The monster crocodile was captured by residents of areas near the Agusan marsh after some residents were attacked by the crocodile.
Animal experts say the giant crocodile (named Lolong by residents) could still be under stress after struggling with the captors who brought the critically-endangered reptile to a safe area of the town.
Crocodiles don't eat regularly and a big one like "Lolong" can survive more than a year without eating if they had a good meal according to animal experts.
A big pond was constructed to house Lolong and the town Mayor opened an eco-park where the crocodile is now the main tourist attraction.
To see Lolong at the eco-park children should pay P10.00 and adults will have to pay P20.00 (about US$0.50 cents).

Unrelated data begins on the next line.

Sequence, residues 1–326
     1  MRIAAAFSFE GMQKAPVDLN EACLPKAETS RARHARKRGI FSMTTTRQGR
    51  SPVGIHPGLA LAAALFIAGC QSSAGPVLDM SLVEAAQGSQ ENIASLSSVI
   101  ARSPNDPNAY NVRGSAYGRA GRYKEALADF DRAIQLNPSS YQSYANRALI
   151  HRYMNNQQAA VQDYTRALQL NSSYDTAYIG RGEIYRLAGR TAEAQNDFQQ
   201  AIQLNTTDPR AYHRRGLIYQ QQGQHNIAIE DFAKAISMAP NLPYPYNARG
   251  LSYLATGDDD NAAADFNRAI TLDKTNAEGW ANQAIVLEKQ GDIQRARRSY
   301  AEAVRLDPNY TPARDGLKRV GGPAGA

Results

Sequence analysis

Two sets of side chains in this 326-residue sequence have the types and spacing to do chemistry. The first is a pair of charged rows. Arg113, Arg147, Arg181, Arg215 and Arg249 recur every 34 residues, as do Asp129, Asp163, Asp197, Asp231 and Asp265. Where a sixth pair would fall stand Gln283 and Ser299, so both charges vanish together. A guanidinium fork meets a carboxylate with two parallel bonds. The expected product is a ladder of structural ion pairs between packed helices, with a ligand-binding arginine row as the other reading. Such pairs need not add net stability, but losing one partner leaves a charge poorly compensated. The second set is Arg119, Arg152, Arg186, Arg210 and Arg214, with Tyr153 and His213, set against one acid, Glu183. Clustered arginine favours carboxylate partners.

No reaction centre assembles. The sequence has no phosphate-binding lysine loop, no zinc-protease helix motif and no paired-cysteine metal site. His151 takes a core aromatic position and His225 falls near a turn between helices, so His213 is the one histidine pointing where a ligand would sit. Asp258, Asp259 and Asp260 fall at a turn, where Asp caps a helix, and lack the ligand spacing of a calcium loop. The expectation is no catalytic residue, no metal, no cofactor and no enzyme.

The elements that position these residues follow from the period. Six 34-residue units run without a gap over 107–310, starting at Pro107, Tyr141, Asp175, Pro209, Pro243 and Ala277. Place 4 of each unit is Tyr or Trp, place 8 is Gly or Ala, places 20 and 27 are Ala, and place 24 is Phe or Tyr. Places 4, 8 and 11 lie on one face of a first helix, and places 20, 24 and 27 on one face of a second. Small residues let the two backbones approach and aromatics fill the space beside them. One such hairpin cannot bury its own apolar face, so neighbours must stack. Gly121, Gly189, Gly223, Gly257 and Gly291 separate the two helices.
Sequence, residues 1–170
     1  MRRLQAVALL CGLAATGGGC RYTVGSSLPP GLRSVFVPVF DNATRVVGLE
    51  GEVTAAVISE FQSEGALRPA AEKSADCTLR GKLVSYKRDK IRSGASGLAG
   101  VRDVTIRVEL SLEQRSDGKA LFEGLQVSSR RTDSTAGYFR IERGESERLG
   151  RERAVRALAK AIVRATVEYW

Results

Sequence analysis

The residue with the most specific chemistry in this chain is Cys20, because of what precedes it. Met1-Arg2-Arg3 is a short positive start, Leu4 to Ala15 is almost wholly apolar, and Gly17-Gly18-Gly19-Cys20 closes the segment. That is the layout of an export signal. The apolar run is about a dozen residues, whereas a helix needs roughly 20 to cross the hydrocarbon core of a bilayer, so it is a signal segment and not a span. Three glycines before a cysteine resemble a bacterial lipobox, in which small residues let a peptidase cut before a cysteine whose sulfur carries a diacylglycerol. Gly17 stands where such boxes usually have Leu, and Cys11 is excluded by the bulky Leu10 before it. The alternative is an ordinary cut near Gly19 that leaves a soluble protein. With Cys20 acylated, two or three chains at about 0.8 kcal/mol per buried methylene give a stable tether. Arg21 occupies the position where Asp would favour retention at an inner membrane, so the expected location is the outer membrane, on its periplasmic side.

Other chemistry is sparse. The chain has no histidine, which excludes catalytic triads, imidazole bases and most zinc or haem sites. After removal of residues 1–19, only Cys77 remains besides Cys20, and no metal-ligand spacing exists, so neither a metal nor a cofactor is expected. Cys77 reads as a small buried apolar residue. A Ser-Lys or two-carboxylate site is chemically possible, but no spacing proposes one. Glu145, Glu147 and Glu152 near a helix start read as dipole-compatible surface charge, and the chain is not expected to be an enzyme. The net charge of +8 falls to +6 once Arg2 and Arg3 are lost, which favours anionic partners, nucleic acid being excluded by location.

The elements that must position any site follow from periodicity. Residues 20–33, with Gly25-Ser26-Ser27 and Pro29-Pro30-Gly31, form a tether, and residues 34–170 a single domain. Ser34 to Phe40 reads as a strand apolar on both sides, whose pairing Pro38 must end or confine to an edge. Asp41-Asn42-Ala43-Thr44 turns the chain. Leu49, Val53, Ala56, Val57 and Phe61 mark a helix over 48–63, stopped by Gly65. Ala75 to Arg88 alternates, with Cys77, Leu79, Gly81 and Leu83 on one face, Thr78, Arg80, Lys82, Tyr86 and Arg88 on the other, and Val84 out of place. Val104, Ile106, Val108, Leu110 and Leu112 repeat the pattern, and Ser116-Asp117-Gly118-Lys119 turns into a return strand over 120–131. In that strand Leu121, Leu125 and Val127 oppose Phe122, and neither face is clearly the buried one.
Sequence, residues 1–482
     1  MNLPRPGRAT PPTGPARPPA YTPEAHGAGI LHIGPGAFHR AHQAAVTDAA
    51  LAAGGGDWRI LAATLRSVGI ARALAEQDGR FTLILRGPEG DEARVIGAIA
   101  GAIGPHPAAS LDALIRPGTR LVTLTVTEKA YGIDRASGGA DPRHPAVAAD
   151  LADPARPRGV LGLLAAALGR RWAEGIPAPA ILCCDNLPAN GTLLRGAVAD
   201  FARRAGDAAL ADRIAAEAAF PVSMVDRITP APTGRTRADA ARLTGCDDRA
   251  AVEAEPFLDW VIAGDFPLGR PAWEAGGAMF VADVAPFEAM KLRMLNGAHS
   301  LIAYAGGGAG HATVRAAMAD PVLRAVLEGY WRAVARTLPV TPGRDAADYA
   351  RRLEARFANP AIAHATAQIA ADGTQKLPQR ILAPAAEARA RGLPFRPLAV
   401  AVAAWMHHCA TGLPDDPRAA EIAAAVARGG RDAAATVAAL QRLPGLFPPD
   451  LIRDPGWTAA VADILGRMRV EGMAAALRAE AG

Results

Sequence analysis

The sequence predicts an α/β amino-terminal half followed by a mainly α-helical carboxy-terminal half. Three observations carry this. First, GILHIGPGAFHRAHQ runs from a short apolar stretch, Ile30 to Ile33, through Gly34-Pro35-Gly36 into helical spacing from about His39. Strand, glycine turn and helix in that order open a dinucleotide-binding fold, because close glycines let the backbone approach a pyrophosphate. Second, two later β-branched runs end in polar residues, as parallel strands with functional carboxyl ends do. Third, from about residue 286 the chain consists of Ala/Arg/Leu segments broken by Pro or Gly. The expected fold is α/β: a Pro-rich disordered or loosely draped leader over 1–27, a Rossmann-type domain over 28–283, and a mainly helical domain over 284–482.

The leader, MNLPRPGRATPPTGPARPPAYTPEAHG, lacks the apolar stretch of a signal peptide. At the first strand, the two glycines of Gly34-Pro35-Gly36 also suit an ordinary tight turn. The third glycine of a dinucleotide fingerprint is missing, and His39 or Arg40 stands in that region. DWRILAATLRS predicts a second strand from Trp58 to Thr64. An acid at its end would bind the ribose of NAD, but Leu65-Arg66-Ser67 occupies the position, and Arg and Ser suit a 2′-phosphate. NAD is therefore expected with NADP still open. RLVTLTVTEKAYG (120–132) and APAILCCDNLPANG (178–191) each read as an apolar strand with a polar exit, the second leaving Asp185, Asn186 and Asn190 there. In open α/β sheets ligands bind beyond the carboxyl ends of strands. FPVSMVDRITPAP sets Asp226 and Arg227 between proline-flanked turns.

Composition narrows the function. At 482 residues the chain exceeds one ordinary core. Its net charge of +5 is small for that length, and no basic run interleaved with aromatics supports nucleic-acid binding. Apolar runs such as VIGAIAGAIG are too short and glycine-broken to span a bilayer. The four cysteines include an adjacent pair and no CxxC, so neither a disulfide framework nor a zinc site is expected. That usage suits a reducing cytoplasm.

The Mayor said
thousands of tourists have visited the park to see Lolong since the eco-park opened last Saturday.
But animal rights activists say Lolong should be set free out in his habitat but residents are opposing the return of Lolong to the swampland because of the danger it poses to the residents.
Lolong was initially measured 21 feet long while the current record for the largest crocodile in captivity is about 18 feet.
Representatives of National Geographic and the Guiness Book of Records are scheduled to arrive in the Philippines to validate the measurements
of the giant reptile and to determine if it is indeed the world's biggest saltwater crocodile in captivity.
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